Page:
Toxins and Autism
Autism describes a range of developmental disorders that are collectively referred to as the autism spectrum disorder (ASD). On this spectrum are a range of impairment levels, with mild cases to severe. Autism appears in early childhood and affects communication, mental processes and social skills.
Of the 4 million children in the United States, approximately 400,000 to 600,000 have been diagnosed with autism and similar behavioral disorders. This translates to 1 in 88 children, making autism and other similar conditions the fastest growing developmental disabilities in the country.
With 1 in 88 children in the United States diagnosed with autism, researchers confirm that it is evenly spread over racial, ethnic and socioeconomic groups. More boys than girls develop autism, with the most recent studies revealing that 1 in every 54 boys are affected.
Causes of Autism
While several decades of research has brought scientists more information than ever about autism, the exact causes of this developmental disorder are unknown. Studies show that genetics, as well as environment both, play a part, with genetics making up around 30 to 40% and environmental factors making up around 60 to 70% of total autism cases.
Vulnerable Groups and Ages
Pregnant women, infants, and young children have a unique window of vulnerability on being exposed to these environmental factors. Studies show that certain toxins found in the environment, like heavy metals and carcinogens, have the potential to disrupt neurodevelopmental pathways during fetal and early childhood brain development – from as early as two weeks after conception through some of the teenage years.’
It’s all too easy for pregnant women, infants, and children to absorb chemical toxins through the skin and the lungs. Studies show that chemical toxins are often present in the fatty tissues of pregnant women, in breast milk, in babies who die from SIDS and in children with a range of illnesses including cancer, ADD/ADHD, and autism. It’s clear that when these high-risk groups are exposed to environmental toxins, their bodies absorb and retain harmful chemicals and heavy metals. Scientists are only now beginning to understand the connection between environmental toxins and health.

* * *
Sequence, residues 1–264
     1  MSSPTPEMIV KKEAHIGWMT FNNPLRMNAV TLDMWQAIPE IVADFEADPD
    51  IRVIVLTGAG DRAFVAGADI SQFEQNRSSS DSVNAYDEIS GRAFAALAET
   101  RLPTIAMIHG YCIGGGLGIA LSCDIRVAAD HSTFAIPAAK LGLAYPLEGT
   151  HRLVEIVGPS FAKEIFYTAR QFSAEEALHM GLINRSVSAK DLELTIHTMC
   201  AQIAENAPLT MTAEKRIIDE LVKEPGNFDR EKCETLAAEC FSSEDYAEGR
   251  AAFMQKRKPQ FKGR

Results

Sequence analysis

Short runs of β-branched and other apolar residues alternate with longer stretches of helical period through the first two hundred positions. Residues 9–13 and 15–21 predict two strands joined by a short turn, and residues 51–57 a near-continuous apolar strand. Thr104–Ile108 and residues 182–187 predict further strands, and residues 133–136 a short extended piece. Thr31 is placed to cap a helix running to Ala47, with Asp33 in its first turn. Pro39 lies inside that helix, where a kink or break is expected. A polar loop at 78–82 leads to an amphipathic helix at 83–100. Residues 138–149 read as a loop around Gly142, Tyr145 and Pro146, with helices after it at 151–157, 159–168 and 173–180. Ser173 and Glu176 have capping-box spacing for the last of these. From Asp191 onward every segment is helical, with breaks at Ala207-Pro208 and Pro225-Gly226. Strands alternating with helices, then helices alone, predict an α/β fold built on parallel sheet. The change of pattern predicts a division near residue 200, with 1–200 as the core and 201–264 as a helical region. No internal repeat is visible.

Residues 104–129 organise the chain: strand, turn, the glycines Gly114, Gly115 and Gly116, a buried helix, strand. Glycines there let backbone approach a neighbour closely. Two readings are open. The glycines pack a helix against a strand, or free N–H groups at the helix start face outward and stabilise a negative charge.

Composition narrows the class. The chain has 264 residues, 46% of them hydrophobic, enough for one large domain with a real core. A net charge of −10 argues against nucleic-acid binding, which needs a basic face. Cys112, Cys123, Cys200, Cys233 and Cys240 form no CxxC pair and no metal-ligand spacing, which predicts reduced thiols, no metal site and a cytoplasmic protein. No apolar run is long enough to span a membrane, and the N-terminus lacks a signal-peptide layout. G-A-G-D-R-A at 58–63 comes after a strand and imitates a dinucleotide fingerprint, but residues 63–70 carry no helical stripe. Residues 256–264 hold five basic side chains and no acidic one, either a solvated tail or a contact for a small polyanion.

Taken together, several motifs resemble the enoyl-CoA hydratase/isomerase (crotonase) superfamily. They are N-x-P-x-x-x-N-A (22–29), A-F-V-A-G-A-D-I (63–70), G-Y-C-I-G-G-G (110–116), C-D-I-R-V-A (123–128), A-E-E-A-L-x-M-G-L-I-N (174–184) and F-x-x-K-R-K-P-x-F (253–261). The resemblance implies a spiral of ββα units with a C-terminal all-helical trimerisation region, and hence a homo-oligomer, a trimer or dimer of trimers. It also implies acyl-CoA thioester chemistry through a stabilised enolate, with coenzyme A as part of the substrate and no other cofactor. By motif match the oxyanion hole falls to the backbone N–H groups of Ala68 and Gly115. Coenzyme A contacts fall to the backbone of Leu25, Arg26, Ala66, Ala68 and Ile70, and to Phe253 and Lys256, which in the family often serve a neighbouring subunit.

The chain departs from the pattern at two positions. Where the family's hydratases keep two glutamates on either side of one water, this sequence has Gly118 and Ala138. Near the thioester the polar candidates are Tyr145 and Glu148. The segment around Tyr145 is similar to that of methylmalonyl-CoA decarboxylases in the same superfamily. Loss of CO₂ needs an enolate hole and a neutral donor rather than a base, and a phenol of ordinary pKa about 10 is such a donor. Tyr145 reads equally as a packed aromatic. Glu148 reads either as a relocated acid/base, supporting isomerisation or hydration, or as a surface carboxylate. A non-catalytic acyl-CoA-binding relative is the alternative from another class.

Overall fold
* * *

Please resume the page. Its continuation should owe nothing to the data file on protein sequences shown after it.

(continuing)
Since the middle of the 20th century, more than 80,000 new chemicals have found their way into modern life, appearing in consumer products from shampoo and paint to plastics and pesticides. 3,000 of these chemicals have been classified as ‘High Production Volume’, are known to be toxic at certain exposure levels, and are found in millions of consumer products in varying amounts. These are chemicals that have been proven to be harmful if exposed to in certain amounts, yet only 20% of them have been screened for potential toxicity during early development.
Here are 10 such High Production Volume toxins that have been found in common products and consumables:
- Lead (found in water and paint)
- Organophosphate pesticides (fruit)
- Automotive exhaust (cars)
- Organochlorine pesticides (pesticides)
- Polycyclic aromatic hydrocarbons (cigarettes)
- Methylmercury (fish and shellfish)
- Polychlorinated biphenyls (coolant fluids)
- Perfluorinated compounds (plastic food containers)
- Brominated flame retardants (mattresses)
All of these chemicals give off noxious fumes, known commonly as off-gassing, and these chemicals can be found in mother’s breast milk and even within an infant’s blood stream.
What is not commonly known, is that the synthetic foams and fire retardant chemicals used in most retail mattress manufactured for sale in the US uses materials that off-gas known toxic materials linked to the disease states. So while environmental toxicity is an issue, the fact that the modern mattress is made with materials laced with toxic materials is overlooked. This is especially problematic for at risk members of our population who need extra sleep, like pregnant women, growing children and the sick or elderly.
Because infants and children require more sleep than adults, this increases potential exposure to toxins in their mattresses. Many of the materials in mattresses, from the synthetic foam to the flame retardant chemicals, are known to produce such toxins.